Leg: Knit 3 more rows in main color. Next row: *k1 MC, k1 CC*. Repeat *-* to the end of row. Next row: *k1, p1* (knit over MC stitches, purl over CC). Repeat *-* to the end of row. K 3 rows in MC.

Flower pattern: *k3, (YO, k1) 5 times, k2*. Repeat *-* to the end of row. Next row: *k3, (drop YO, pick up s) 5 times, place the 5 stitches back on left needle, knit through all 5 stitches: (k1, YO, k1, YO, k1); k2*. Repeat *-* to the end of row.

Knit 3 rows in MC. Next row: *k1 MC, k1 CC*. Repeat *-* to the end of row. Next row: *k1, p1* (knit over MC stitches, purl over CC). Repeat *-* to the end of row.

Knit 29 rows in MC, or to desired leg length. With the last 15 s of the 29th row, *k1 MC, k1 CC*, and continue through the first 15 s of the 30th row.

These 30 s are the beginning of the heel flap. Turn the sock. K3, *p1, k1* to the last 3 stitches (purl on top of MC, knit on top of CC), k3, turn. *Knit across, turn. K3, p to the last 3 s, k3, turn.* Repeat *-* until the height of the heel flap is 24 rows (including the 2-color set up row).

Turning the heel: Knit 2 stitches past the middle point of the heel flap (k17). Ssk, k1, turn. S1, p5, p2 tog, p1, turn. S1, k6, ssk, k1, turn. Continue in a similar manner until all the stitches have been used. 18 stitches remain on the needle.

Gusset: Knit across the heel flap and pick up 13 stitches from the side of the heel flap. Knit around the top and pick up 13 stitches on the other side. Knit in the round and decrease 1 s every 2 rows on both sides of the foot until 60 s remain.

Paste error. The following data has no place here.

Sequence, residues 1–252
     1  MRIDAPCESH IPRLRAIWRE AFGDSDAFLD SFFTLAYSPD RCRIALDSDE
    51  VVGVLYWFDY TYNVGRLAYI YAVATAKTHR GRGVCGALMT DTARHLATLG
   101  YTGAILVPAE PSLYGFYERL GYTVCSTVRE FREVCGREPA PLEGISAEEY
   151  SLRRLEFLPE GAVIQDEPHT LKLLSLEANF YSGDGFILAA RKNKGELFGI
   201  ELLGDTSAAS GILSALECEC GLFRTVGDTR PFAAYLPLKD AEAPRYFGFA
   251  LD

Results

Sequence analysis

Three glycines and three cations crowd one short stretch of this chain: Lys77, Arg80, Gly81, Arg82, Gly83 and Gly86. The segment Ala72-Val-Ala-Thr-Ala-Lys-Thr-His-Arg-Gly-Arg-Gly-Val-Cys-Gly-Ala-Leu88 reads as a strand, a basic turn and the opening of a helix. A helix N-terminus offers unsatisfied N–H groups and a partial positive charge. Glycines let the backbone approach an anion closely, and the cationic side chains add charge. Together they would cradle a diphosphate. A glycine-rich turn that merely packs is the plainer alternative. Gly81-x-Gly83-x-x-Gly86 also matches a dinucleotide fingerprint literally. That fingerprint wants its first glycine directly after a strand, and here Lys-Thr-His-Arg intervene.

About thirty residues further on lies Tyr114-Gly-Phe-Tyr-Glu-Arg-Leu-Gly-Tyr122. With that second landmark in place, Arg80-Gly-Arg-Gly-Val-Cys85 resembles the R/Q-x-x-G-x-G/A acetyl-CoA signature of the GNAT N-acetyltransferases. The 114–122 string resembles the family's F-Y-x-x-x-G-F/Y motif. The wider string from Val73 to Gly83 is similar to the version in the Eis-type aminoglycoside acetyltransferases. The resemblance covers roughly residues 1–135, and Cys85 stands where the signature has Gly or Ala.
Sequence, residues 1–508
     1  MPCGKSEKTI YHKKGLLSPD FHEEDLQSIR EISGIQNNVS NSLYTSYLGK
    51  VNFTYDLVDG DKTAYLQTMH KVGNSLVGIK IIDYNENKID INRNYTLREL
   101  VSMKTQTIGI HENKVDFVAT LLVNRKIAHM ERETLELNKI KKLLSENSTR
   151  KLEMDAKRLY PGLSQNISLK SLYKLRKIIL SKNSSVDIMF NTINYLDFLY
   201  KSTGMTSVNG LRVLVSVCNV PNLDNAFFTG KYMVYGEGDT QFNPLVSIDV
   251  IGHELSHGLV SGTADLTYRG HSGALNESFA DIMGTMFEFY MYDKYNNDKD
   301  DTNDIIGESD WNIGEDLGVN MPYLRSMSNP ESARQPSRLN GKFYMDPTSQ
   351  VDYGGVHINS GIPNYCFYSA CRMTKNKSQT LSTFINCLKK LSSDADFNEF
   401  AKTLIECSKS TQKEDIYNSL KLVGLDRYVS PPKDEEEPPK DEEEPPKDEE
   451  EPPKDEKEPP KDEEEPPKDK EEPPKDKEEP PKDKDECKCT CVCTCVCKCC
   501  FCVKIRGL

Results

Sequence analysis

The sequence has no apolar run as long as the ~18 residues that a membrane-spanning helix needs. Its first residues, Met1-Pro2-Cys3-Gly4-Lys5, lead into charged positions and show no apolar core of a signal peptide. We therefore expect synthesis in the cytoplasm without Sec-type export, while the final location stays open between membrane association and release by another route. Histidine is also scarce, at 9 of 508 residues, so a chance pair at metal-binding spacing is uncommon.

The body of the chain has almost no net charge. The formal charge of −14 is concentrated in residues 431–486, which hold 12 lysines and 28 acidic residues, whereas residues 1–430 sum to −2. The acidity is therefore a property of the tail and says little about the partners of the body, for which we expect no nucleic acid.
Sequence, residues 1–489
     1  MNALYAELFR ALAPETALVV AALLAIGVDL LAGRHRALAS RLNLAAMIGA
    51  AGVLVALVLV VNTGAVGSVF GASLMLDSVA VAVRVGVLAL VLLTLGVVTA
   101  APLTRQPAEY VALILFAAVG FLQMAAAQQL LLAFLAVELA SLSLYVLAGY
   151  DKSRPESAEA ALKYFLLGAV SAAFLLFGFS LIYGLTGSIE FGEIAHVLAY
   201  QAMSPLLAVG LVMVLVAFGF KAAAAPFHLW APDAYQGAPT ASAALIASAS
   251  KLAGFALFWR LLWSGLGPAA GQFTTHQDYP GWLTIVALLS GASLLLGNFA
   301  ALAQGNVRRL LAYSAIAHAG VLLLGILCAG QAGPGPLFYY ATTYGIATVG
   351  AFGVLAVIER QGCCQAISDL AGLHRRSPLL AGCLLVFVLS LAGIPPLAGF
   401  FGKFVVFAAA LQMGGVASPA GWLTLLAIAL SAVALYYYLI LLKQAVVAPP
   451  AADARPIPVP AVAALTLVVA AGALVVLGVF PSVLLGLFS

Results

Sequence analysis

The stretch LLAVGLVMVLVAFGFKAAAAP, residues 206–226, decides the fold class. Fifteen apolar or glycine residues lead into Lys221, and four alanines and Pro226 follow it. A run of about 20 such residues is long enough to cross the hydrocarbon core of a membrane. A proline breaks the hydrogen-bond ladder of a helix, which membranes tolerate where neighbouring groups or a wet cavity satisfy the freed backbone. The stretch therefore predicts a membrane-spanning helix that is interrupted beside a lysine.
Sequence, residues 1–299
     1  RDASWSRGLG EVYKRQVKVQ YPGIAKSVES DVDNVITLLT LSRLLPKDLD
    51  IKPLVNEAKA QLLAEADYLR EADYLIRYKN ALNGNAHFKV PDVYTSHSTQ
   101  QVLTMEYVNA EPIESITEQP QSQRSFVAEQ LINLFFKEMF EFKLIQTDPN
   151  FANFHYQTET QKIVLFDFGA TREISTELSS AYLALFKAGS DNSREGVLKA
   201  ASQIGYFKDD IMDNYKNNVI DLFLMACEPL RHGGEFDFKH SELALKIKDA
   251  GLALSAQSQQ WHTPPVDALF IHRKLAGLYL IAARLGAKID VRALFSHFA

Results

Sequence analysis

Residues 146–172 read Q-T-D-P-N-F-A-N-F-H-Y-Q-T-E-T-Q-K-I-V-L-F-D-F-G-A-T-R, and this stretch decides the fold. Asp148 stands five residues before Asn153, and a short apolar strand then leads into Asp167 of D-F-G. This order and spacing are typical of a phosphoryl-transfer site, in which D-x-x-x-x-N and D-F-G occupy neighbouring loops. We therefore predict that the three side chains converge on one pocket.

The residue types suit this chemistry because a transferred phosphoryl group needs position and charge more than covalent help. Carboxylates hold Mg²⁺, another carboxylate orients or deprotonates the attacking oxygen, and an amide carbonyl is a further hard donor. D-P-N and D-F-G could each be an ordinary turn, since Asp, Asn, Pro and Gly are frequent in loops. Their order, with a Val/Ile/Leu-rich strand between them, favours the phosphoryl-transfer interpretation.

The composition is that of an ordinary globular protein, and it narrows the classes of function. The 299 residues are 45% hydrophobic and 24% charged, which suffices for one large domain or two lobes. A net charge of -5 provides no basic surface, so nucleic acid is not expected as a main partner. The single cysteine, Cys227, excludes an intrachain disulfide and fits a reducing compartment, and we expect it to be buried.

Foot: Knit until the sock just covers your pinky toe.

Toe: On the top of the sock, *k1 MC, k1 CC*, repeat *-*. Wrap the last stitch on the top side without knitting, turn. *P1, k1* to the next to last stitch, wrap the stitch and turn. Continue in stockinette with MC, working a short row toe until 12 stitches remain in the center. Turn the toe and knit until all the wrapped stitches have been used up. Kitchener stitch the opening shut.

Weave in ends.

Copyright Lotta Breyer, 2007.

You may copy and use this pattern for your own personal use, but, please, don’t sell, distribute, or copy it for others without my permission.

Monday, May 21, 2007


For some reason the comments in the last post aren't working, but if you'd like to leave one, please e-mail me through the link in the left side bar. I think it's a Blogger issue that hopefully will get fixed sometime soon.

Saturday, May 19, 2007

I'm here...

Sorry for disappearing like that for two weeks, but I was in Quebec for a while on a work trip, and didn't really have internet connection at all, while I was there. A beautiful city, by the way. It was my first visit to Canada, and I really liked it. Except for the airports. Canadians are almost worse than Finnish people, I think they actually like standing in line. There was a line everywhere. Slow and long. Oh, well. I made all my flights (thanks to long lay-overs), and enjoyed the trip.

As usual, I got a lot of knitting done while in the air and at the airports (I wasn't knitting while standing in line, though, which is probably why I didn't actually finish anything.) I'm going through a spout of startitis, and so I started another new project before finishing the previous one. But I wanted something good for travel knitting, which a sweater is usually not, because you have to measure so often. And what would be more perfect than a scarf! I'd had my eyes on the Clementine shawlette from the Interweave Knits spring 07 issue. I decided to use the blue sock yarn ("Sea glass") that I recently dyed. I ran out of yarn, though, and had to dye some more, when I got home to be able to finish.
This shawlette is knit in two pieces starting from both ends, and then grafted together. I've got a little more to go on one side, but that should be a nice Sunday evening project.